The Block Is Hot

I wasn't planning to do another Basketbullets before the UCLA game until I sat through John Beilein's presser after Tuesday night's win over Texas. Beilein is coming around to the idea that Moe Wagner is, in fact, his best all-around big man, and a big reason for that showed itself on the game's deciding play:

We got done what we had to get done. Moe’s block at the end was big. Moe’s blocking shots really for the first time in his life. His first blocked shots last year I think were in the Tulsa game. He’s learning when he should leave his feet, when he shouldn’t, to be a bigger presence at the rim. Really pleased with his development, as with DJ.

Beilein's memory is pretty good: Wagner had two blocks in last season's late-November win over Charlotte, then didn't record another before his four-block breakout against Tulsa in the NCAA tournament. Wagner has always possessed the requisite length and athleticism to be a good rim protector; now he's developing the necessary timing to challenge and alter shots without picking up fouls. That was on full display with Wagner's game-sealing block, which came after he and DJ Wilson seamlessly executed a switch. Wagner stayed vertical and waited until the last moment before swatting the ball away:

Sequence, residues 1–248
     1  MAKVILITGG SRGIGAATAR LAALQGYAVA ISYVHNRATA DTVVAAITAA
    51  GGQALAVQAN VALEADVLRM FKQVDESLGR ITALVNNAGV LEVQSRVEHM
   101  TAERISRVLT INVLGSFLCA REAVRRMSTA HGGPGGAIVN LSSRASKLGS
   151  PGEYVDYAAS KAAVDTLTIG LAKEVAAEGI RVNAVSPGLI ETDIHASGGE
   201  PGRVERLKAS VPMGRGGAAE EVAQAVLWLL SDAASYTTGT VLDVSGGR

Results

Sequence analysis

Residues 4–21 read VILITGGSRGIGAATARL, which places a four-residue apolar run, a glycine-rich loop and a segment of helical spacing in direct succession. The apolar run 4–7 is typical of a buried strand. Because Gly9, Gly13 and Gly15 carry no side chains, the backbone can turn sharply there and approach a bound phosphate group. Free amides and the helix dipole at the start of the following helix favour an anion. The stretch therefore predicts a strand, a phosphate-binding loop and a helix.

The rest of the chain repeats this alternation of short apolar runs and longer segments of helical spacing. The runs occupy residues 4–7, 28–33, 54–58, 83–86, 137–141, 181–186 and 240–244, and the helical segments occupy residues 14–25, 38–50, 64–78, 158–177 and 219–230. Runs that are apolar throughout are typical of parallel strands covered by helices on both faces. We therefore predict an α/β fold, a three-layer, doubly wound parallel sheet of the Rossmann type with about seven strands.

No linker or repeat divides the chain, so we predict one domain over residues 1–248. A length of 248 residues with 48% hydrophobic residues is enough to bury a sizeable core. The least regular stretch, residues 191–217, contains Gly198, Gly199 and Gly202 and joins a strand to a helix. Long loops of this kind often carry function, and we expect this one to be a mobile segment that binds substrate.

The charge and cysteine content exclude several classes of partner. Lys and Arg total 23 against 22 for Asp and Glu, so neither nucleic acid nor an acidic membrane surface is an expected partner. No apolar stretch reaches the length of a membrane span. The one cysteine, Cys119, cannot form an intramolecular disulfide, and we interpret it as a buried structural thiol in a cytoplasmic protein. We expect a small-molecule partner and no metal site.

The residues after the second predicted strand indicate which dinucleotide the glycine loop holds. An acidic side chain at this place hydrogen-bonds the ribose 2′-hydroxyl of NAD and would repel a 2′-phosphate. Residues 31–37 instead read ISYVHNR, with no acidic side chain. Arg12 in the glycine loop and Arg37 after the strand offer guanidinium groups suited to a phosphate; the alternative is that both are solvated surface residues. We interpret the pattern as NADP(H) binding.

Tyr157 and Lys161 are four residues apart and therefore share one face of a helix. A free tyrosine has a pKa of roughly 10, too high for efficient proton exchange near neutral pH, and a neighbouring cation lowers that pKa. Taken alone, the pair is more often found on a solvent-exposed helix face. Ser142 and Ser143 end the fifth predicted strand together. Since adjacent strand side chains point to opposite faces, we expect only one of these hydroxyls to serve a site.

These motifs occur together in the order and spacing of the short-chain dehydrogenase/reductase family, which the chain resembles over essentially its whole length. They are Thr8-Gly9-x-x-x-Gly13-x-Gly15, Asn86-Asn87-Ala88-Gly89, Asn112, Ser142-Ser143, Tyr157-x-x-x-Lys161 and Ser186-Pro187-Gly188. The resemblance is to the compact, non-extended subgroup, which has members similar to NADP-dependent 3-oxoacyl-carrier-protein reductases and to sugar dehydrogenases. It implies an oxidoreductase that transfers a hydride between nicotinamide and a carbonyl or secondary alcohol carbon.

After recording blocks in two of his 29 appearances last year, Wagner has six in nine games. DJ Wilson has 14. Those two almost entirely account for Michigan's team block rate rising from 6.1% (308th nationally) last season to 8.4% (189th) this year, the team's highest mark since Beilein's first season, when Ekpe Udoh had 92 of the team's 160 blocks. Incidentally, that's the last time Michigan started two bigs. While there's still plenty of room to improve, those two have added a new dimension to the defense.

[Hit THE JUMP for Billy Donlon's clutch veto, a look at the game-winning bucket, and more.]

Michigan 53, Texas 50

Michigan 53, Texas 50

Submitted by Ace on December 6th, 2016 at 11:56 PM


[Marc-Gregor Campredon/MGoBlog]

"So you haven't seen us win many like that," said John Beilein to open his postgame presser. Truer statements have rarely been spoken.

Let's set aside, for a moment, the hideous nature of this game, and instead appreciate the future of Michigan basketball. That future is the big man pairing of Moe Wagner and DJ Wilson, which came up huge on both ends of the floor to pry a victory out of the jaws of defeat.